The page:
Historian R. P. C. Hanson says the British clergy of Patrick’s day were not bound by the constraints of Roman Catholic hermeneutics, for “British clergy apparently did not concern themselves greatly with allegorization or far-reaching speculation, but appear to have concentrated in an admirable way on what we today would call the heart to the Gospel” (Hanson, The Life and Writings). Patrick exhibited this orthodox bent in his writings, quoting extensively from the Bible and particularly from the book of Romans (17 times). Patrick had a clear and practical grasp of justification by faith (The Life and Writings).

There is no mention of any appeal to Rome or of any history with Rome in Patrick’s writings. Instead, Patrick affirmed that it was Christ Who propelled him into his ministry: “Christ the Lord, who commanded me to come to be with them” and “He [God] chose me for this service” (Confession). In his “Letter to Coroticus,” Patrick asks, “Did I come to Ireland without God, or according to the flesh? Who compelled me? I am bound by the Spirit.” Here, in a protest against a British chieftain who raided Ireland and sold several of Patrick’s converts into slavery, the missionary makes no claim of a commission from Rome, which would have given him the weight of temporal authority. Instead, he relies entirely upon the authority of Scripture to make his appeal. It would appear that Patrick’s ministry was independent of Roman Catholic instruction and control. As such, Patrick’s missionary work was the first well-known independent missionary enterprise since the apostles. It was grounded in a clear understanding of the authority of Scripture and orthodox theology, which was drawn from personal study and application of God’s Word.

Not only did Patrick not mention Rome, but the Roman Catholic historian Bede didn’t mention Patrick, an odd arrangement indeed, if in fact Patrick had originally been sent by the Catholic Church. As Philip Schaff notes, there is no authentic record of Rome’s interaction with Ireland until nearly two centuries after Patrick’s ministry. Schaff explains, “It is strange that St. Patrick is not mentioned by Bede in his Church History, although he often refers to Hibernia and its church, and is barely named as a presbyter in his Martyrology. He is also ignored by Columba and by the Roman Catholic writers, until his mediaeval biographers from the eighth to the twelfth century Romanized him, appealing not to his genuine Confession, but to spurious documents and vague traditions” (History of the Church).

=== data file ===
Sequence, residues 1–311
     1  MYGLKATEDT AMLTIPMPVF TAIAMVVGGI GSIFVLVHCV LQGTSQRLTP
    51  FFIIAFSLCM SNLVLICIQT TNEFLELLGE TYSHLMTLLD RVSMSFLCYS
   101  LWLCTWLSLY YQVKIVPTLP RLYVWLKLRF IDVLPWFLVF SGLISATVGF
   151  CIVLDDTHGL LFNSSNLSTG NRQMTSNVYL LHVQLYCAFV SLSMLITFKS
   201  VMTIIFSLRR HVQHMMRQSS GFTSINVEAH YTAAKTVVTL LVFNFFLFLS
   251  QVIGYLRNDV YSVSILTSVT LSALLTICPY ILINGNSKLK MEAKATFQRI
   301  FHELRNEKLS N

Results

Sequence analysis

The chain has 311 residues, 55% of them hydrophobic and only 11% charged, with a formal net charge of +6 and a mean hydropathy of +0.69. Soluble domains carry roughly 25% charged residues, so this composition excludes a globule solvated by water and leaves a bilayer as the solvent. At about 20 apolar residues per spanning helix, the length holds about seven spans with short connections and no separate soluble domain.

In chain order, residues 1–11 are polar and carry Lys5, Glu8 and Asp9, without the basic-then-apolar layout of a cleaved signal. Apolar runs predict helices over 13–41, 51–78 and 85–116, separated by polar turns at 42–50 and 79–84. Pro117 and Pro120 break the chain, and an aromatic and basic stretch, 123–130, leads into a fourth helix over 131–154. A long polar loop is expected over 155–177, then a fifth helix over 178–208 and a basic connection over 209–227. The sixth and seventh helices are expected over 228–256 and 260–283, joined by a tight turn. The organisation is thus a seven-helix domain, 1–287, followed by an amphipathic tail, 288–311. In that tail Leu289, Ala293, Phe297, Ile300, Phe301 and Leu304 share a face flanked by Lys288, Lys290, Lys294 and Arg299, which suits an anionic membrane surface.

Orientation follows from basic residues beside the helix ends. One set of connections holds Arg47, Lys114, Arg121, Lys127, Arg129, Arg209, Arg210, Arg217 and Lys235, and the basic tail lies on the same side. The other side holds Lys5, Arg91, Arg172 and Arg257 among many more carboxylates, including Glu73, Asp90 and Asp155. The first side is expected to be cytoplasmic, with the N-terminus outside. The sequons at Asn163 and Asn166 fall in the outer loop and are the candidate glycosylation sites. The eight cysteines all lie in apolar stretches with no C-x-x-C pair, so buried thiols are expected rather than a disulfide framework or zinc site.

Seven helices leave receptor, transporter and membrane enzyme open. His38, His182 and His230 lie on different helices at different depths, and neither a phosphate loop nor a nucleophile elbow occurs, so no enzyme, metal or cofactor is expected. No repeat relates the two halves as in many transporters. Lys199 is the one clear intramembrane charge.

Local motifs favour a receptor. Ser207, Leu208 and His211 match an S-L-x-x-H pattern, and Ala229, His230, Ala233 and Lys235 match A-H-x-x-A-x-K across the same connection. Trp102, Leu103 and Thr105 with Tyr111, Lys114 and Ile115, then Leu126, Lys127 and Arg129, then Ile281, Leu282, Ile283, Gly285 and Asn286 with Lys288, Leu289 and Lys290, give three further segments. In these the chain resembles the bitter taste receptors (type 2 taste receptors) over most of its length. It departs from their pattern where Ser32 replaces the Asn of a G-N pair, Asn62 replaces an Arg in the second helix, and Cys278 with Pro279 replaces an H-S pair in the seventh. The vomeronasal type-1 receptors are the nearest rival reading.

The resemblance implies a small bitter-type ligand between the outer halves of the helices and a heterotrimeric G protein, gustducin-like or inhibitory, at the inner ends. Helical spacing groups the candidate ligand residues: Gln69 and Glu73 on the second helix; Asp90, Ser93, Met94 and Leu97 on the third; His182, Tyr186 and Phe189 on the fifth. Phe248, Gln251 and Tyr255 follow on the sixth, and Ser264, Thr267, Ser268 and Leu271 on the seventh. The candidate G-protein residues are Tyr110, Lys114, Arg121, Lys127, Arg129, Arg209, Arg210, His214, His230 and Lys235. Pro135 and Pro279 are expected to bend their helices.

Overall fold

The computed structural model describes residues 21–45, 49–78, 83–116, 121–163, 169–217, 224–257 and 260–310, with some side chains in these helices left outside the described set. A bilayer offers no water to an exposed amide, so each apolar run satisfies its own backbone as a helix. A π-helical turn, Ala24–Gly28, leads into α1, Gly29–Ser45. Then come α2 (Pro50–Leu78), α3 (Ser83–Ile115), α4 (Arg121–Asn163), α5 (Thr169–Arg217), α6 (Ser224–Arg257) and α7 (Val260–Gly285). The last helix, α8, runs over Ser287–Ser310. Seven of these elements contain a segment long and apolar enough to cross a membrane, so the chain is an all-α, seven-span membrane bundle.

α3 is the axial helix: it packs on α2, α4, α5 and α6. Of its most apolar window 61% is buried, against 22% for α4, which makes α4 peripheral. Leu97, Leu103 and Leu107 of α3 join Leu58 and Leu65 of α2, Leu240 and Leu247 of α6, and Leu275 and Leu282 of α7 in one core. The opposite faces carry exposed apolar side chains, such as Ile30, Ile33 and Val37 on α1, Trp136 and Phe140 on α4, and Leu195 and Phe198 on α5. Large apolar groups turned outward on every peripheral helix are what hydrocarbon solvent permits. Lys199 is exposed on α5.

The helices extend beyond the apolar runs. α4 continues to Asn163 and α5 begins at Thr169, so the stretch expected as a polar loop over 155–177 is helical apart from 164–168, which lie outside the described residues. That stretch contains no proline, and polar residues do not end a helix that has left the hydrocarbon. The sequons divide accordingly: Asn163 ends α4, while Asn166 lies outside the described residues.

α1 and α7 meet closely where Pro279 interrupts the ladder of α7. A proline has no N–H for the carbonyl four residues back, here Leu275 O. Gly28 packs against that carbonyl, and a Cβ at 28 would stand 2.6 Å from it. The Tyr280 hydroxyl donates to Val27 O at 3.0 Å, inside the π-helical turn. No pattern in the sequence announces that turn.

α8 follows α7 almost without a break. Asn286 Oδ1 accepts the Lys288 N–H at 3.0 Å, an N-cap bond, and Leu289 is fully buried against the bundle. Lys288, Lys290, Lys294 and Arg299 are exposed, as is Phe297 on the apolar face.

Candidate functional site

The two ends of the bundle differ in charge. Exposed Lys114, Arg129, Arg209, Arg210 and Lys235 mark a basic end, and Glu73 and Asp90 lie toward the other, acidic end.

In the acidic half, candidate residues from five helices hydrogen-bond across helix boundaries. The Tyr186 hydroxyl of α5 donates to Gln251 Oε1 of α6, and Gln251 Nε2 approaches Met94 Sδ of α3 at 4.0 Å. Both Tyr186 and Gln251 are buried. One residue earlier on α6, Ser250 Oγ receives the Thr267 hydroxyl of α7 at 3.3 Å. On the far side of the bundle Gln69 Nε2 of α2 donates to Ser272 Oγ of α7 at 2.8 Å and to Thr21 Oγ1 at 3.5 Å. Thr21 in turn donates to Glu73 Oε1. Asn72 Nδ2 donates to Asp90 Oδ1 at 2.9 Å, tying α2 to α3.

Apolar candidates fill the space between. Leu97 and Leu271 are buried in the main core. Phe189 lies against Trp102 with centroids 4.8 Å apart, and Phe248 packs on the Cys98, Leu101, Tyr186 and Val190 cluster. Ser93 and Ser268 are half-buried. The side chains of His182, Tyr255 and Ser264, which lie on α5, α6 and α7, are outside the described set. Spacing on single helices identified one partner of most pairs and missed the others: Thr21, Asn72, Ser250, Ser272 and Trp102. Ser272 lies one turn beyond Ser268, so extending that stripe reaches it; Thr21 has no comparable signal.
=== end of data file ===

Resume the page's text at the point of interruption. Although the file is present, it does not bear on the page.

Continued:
Focus on Faith

During his escape from his Irish captors, Patrick witnessed to his deliverers, assuring them that God would provide for and protect them. He said to them confidently, “Be converted by faith with all your heart to my Lord God, because nothing is impossible for him, so that today he will send food for you on your road, until you be sated, because everywhere he abounds” (Confession).

Patrick returned to Ireland at age 40 to devote his life to labor there, because “it behoved us to spread our nets, that a vast multitude and throng might be caught for God, and so there might be clergy everywhere who baptized and exhorted a needy and desirous people” (Confession). Though he had opportunity and encouragement to return to Britain, he said, “I am bound by the Spirit, who witnessed to me that if I did so he would mark me out as guilty, and I fear to waste the labour that I began, and not I, but Christ the Lord, who commanded me to come to be with them for the rest of my life, if the Lord shall will it and shield me from every evil, so that I may not sin before him” (Confession).